Using fake names, sham LinkedIn profiles, counterfeit work papers and mock interview scripts, North Korean IT workers seeking employment in Western tech companies are deploying sophisticated subterfuge to get hired.
Landing a job outside North Korea to secretly earn hard currency for the isolated country demands highly-developed strategies to convince Western hiring managers, according to documents reviewed by Reuters, an interview with a former North Korean IT worker and cybersecurity researchers.
North Korea has dispatched thousands of IT workers overseas, an effort that has accelerated in the last four years, to bring in millions to finance Pyongyang’s nuclear missile programme, according to the United States, South Korea, and the United Nations.
“People are free to express ideas and opinions,” reads one interview script used by North Korean software developers that offers suggestions for how to describe a “good corporate culture” when asked. Expressing one’s thoughts freely could be met with imprisonment in North Korea.
The scripts totalling 30 pages, were unearthed by researchers at Palo Alto Networks, a U.S. cybersecurity firm which discovered a cache of internal documents online that detail the workings of North Korea’s remote IT workforce.
The documents contain dozens of fraudulent resumes, online profiles, interview notes, and forged identities that North Korean workers used to apply for jobs in software development.
Reuters found further evidence in leaked darkweb data that revealed some of the tools and techniques used by North Korean workers to convince firms to employ them in jobs as far afield as Chile, New Zealand, the United States, Uzbekistan and the United Arab Emirates.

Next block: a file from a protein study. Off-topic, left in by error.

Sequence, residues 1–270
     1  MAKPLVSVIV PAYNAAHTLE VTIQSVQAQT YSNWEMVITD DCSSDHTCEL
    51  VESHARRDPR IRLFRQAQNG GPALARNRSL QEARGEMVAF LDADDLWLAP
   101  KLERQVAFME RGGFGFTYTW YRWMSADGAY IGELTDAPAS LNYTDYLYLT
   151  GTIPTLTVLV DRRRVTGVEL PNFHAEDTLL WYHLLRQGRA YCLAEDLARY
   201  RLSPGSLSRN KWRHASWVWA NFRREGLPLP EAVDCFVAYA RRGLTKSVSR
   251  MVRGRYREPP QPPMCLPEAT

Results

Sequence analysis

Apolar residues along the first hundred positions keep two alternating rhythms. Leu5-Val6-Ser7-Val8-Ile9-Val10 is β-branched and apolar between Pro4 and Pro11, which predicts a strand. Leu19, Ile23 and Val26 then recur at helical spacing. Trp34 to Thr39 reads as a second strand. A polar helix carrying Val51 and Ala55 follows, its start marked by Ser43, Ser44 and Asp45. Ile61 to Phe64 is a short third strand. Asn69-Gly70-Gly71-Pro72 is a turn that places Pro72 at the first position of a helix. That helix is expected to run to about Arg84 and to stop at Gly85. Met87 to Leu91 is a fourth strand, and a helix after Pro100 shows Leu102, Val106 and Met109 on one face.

The documents and data reveal the intense effort and subterfuge undertaken by North Korean authorities to ensure the success of a scheme that has become a vital lifeline of foreign currency for the cash-strapped regime.
North Korea’s U.N. mission did not respond to a request for comment.
Remote IT workers can earn more than ten times what a conventional North Korean labourer working overseas in construction or other manual jobs earns, the U.S. Justice Department (DOJ) said in 2022, and teams of them can collectively earn more than $3 million a year.
Reuters was not able to determine how much the scheme has generated over the years.
Some of the scripts, designed to prepare the workers for interview questions, contain excuses for the need to work remotely.
“Richard”, a senior embedded software developer, said “I (flew) to Singapore several weeks ago. My parents got Covid and I (decided) to be with family members for a while. Now, I am planning to go back to Los Angeles in three months. I am thinking that I could start work remotely right now, then I will be on board when I go back to LA.”
A North Korean IT worker who recently defected also examined the documents and confirmed their authenticity to Reuters: “We would create 20 to 50 fake profiles a year until we were hired,” he said.
He viewed the scripts, data and documents and said it was exactly the same thing he had been doing because he recognised the tactics and techniques used.
“Once I was hired, I would create another fake profile to get a second job,” said the worker, who spoke on condition of anonymity, citing security concerns.
In October, the DOJ and Federal Bureau of Investigation (FBI) seized 17 website domains it said were used by North Korean IT workers to defraud businesses and $1.5 million in funds.
North Korean developers working at U.S. companies had hidden behind pseudonymous email and social media accounts and generated millions of dollars a year on behalf of sanctioned North Korean entities through the scheme, the DOJ said.